Date: May 1, 1995
Creator: Chan, K.C.D.; Hutson, R.L.; Macek, R.J.; Tallerico, P.J. & Wilkinson, C.A.
Partner: UNT Libraries Government Documents Department

Testing of the TriP Chip Running at 132 nsec Using a Modified AFE Board

Description: In this note we describe the first set of tests done with a sample of TriP chips that were mounted on a modified AFE board. The modifications consisted of different firmware and the replacement of one power supply switch. The board used was a standard AFEIc board (red type) on which new MCMs (MCMIIs) were mounted. The new MCMs were designed to support the TriP and emulate the SVX for readout when mounted on an AFEIc board. The TriP and the MCMs are described in Ref. [1]. Two versions of the MCMII were designed and built: one (MCMIIb) supports two TriP chips wirebonded directly to the MCM substrate. The other, (MCMIIc) supports one TriP which can be either wirebonded directly or packaged into a standard TQFP surface mount package. Due to space constraints, this MCM can support only 1 TriP. We tested 6 TriP chips on 3 different MCMIIb (MCMIIb-1, MCMIIb-2 and MCMIIb-3) and 2 other TriPs were tested on MCMIIc, one of them with an unpackaged TriP (MCMIIc-1) and the other with a packaged TriP (MCMIIc-2). A set of 10 programable internal registers control the TriP operation, the description of these registers can be found in [1]. Table 1 shows the values used for the tests described in this note. In Ref. [1] there is a description of the signals that are needed to operate the TriP chip. We implemented in a Field Programable Gate Array (FPGA), also part of the MCM, a set of shift registers that allow us to download via the 1553 interface to the AFE board, any desired timing for the signals that the FPGA has to send to the TriP chip. These registers are run with a 121.21 MHz clock (which is 16x the crossing clock and phase locked to it), which means that ...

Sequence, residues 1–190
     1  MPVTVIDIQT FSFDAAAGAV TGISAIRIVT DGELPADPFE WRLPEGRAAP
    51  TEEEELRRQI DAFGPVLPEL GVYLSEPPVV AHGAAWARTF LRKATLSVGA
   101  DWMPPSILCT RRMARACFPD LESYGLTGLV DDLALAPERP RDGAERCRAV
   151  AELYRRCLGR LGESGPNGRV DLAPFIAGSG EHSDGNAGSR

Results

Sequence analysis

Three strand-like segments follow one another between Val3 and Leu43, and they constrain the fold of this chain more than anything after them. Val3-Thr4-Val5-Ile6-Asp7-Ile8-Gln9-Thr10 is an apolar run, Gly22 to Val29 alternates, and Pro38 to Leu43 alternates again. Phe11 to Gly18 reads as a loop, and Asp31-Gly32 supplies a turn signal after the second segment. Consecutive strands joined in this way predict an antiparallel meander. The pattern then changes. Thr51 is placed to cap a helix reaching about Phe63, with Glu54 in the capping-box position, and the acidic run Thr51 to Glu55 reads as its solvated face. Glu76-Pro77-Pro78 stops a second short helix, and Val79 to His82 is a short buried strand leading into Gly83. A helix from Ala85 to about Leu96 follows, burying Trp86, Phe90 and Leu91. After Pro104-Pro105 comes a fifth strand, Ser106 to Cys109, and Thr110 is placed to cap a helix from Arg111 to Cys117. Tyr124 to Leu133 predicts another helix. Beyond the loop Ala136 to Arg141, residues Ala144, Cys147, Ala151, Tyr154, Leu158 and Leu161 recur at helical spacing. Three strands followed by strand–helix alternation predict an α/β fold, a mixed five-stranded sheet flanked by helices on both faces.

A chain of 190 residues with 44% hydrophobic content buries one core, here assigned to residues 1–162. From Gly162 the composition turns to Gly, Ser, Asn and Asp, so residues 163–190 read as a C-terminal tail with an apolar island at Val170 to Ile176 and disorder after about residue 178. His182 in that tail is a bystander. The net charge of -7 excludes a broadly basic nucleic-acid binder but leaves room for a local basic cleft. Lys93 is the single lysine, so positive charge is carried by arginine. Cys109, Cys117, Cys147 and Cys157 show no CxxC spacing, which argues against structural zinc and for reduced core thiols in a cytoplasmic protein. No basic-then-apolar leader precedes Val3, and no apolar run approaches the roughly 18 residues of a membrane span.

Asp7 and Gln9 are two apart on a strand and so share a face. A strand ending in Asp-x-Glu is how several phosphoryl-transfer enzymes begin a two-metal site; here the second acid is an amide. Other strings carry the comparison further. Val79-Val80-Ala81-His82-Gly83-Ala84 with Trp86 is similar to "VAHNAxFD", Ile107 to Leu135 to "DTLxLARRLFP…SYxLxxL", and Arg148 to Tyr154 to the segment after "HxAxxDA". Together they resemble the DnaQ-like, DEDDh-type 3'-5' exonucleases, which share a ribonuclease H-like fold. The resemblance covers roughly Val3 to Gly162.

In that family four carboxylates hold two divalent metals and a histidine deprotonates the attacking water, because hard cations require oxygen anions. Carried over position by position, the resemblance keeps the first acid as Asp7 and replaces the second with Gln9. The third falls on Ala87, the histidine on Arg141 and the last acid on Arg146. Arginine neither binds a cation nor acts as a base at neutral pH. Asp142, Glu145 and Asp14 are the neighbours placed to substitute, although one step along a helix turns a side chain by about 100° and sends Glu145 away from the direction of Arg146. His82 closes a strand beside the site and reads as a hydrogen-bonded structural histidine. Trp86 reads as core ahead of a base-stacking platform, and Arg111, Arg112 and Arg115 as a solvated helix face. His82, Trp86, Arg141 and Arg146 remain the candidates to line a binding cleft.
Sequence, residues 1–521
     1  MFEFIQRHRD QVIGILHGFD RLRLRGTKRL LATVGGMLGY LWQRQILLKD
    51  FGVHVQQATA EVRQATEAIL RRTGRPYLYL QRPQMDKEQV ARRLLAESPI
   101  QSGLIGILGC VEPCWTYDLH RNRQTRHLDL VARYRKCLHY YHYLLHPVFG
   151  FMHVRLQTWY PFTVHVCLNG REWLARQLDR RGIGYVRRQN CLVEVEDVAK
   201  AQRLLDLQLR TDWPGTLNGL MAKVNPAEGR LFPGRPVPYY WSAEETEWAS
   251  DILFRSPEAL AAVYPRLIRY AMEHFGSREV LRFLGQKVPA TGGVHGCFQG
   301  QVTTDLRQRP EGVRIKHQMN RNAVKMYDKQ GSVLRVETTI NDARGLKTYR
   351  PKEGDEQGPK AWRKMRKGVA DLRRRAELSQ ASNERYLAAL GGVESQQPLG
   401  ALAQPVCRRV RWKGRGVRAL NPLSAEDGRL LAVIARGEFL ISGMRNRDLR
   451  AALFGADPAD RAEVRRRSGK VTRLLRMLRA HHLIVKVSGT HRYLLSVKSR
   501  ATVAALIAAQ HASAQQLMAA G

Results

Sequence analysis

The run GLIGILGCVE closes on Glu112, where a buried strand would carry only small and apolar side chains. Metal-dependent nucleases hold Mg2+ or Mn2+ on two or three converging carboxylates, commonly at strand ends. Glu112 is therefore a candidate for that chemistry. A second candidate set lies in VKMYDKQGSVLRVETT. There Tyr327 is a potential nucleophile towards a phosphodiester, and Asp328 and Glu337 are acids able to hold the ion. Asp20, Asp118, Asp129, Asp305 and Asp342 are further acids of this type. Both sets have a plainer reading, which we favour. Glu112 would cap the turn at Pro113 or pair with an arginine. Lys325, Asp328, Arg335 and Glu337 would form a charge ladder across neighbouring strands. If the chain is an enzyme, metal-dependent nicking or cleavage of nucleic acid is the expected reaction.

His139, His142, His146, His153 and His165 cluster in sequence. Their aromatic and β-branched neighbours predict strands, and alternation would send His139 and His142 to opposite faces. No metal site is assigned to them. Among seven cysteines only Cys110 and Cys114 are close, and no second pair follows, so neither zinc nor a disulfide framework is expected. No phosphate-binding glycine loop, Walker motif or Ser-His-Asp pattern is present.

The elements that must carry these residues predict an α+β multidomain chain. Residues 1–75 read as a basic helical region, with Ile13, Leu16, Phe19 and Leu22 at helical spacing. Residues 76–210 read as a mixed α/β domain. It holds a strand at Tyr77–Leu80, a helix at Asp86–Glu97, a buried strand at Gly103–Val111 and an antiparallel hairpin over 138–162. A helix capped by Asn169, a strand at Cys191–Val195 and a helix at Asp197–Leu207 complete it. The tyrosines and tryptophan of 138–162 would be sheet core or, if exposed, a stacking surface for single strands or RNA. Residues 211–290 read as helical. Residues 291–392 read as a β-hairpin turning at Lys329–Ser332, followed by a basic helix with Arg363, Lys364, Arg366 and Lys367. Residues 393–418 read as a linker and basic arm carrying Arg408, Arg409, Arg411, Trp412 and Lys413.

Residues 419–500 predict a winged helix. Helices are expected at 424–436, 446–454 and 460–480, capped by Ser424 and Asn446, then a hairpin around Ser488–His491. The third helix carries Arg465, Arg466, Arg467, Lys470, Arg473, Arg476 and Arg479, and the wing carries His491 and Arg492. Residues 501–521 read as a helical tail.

Date: December 19, 2003
Creator: al., Juan Estrada et